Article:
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HDVSL stands for high definition video capability over subscriber link. HDVSL is an Indian standard built around a network operating system. The standard has been specifically developed to address the need for a high bandwidth low power terminal like a LCD screen. The Technology Development Board of the Government of India conferred the National Technology Day Award on 11 May 2008 on the inventor for developing and commercialising the HDVSL standard - marking the first official recognition of the Indian Government to the new standard for interactive video. The standard uses ITU's G.HN standard for local backhaul inside the premises and then merges with the fibre optic based IP network.
The HDVSL technology stack is very similar to the Chinese 3G standard, but far more spectrum efficient with a scalable path to 10 Gbit/s+ speeds in a wireless terminal. The HDVSL operating system interfaces with terminal level stacks such as android, iOS and Windows. The standard was initially deployed over wired DSL networks in 2007-08. At that point, the network topology consisted of a HDVSL Dslam at the switch end and a HDVSL modem at the home end. The current version 2013 is a significant and quantum improvement over the 2007 version in terms of spectrum efficiency, terminal power requirements and its ability to handle uncompressed video flawlessly.
India has only around 2.5 million DSL subscribers, 80% of which are on the ADSL2+ standard. Indian DSL penetration has been limited by the absence of personal computers in Indian homes. Only an estimated 3 million of the 200 million Indian homes own a computer. Most government plans to increase PC penetration in recent years have failed. Reasons for failure include the cost of a PC, language, computer illiteracy etc. In contrast, India has close to 900 million mobile subscribers, an increasing number of which aspire to own a smartphone. Migrating a DSL+ level of IP data service to a mobile phone is highly challenging.
Some parts of India have population densities in excess of 250,000 people per square kilometer. Coupled with the fact that most of these people live in reinforced cement concrete houses - radio propation and coverage are difficult to overcome challenges. HDVSL is an Indian DSL standard, which successfully addresses this problem. The HDVSL standard operates a 36 Mbit/s duplex Ethernet link - and the HDVSL modem has a direct connection to a display, eliminating the need for a client-side processor altogether. As a result, client side processor based systems such as android, ios and windows can coexist with HDVSL.
HDVSL has an estimated 250K users under deployment in India and China - mostly over an independent RF channel generated from a femtocell interconnected with the internet.The HDVSL standard is likely to see large scale commercialisation as a substitute to LTE in 2013. It is not clear at this stage, how the highly complex semiconductors required for the Multi band RF link would be sourced. Primetel, the inventor of the HDVSL stack is rumoured to have licensed the stack to IBT semiconductors and the first chipsets are expected in Q1/2014 with a 155 Mbit/s duplex ability.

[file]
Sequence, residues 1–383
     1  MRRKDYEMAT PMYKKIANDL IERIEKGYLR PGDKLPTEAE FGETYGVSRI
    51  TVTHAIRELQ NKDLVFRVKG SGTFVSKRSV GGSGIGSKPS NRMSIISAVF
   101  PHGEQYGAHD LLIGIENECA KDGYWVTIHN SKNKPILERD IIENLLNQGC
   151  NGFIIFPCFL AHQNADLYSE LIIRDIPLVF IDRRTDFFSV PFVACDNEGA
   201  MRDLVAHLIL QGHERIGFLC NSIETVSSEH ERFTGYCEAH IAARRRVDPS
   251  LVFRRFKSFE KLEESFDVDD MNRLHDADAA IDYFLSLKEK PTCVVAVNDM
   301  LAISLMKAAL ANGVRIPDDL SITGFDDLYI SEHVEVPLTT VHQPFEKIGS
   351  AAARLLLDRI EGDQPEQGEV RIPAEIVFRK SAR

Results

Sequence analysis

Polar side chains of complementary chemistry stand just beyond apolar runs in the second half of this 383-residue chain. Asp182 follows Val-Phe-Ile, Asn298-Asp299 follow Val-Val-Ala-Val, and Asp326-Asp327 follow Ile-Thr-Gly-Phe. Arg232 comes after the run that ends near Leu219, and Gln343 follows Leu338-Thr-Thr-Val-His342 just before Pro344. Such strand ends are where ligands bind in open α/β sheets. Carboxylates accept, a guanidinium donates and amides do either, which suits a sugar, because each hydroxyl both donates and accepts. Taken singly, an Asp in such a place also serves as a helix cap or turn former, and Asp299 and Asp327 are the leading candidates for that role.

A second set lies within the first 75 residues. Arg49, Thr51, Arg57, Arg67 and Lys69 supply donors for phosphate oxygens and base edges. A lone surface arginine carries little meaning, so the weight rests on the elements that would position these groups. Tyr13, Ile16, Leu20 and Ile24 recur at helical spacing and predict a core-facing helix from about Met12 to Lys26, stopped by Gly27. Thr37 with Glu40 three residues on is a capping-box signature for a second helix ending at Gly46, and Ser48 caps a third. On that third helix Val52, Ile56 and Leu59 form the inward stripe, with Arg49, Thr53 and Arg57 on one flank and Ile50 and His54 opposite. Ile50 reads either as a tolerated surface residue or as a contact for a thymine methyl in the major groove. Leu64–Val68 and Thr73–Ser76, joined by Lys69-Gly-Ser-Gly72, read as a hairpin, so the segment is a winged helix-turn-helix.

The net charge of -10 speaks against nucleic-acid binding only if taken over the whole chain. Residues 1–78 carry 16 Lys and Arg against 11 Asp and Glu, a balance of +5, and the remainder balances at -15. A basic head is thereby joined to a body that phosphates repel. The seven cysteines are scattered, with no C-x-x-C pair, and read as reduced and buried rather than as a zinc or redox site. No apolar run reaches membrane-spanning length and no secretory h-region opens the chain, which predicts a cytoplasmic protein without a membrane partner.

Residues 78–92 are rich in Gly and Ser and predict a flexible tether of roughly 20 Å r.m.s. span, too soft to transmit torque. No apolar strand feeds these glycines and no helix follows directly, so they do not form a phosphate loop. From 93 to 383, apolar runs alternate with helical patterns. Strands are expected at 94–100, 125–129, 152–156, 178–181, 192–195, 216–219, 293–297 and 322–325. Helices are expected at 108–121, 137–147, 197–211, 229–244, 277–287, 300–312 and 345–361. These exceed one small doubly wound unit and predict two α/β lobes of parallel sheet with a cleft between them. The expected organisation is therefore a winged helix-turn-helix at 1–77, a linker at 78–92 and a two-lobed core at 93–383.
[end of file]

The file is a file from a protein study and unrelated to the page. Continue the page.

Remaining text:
The most ambitious HDVSL deployment on a tier I telco network was the videomail content delivery network (CDN) being built by NYSE listed Mahanagar Telephone Nigam Limited (MTNL) in the city of Mumbai, India. MTNL is the broadband market leader in national capital Delhi and the commercial capital Mumbai with close to one million DSL broadband subscribers. The videomail CDN in Mumbai is believed to have a capacity of over 100 Tbit/s making it probably the most powerful CDN every deployed anywhere. It is believed that this CDN will be interfaced with a global network of femtocells to provide wireless HDVSL connectivity using the unlicensed femtocell bands initially and then migrating to the 90 GHz band.
India has also approved the construction of a HDVSL-compliant rich media data centre with an initial capacity of 28,000 video servers. The data centre is being built by the Interactivity consortium and would connect to the San Francisco to London medianet submarine cable. The Medianet submarine cable is likely to have full function landing points in Singapore Media City and Dubai Media City. Once fully operational - it will facilitate a place shift of television channels making terminal based place shift devices like slingbox obsolete.
China's largest taxi operator will commence trials of a HDVSL based "in cab" television service which plays location specific content and advertisements. As an example, when the taxi is about to approach a famous landmark - a video related to that landmark plays on a 9" screen in the taxi. The HDVSL terminal also provides an audio return path to enable the taxi passenger to access a translation service which can help instruct the taxi driver. A large pilot project was tested during the Canton fair in 2008 with excellent results.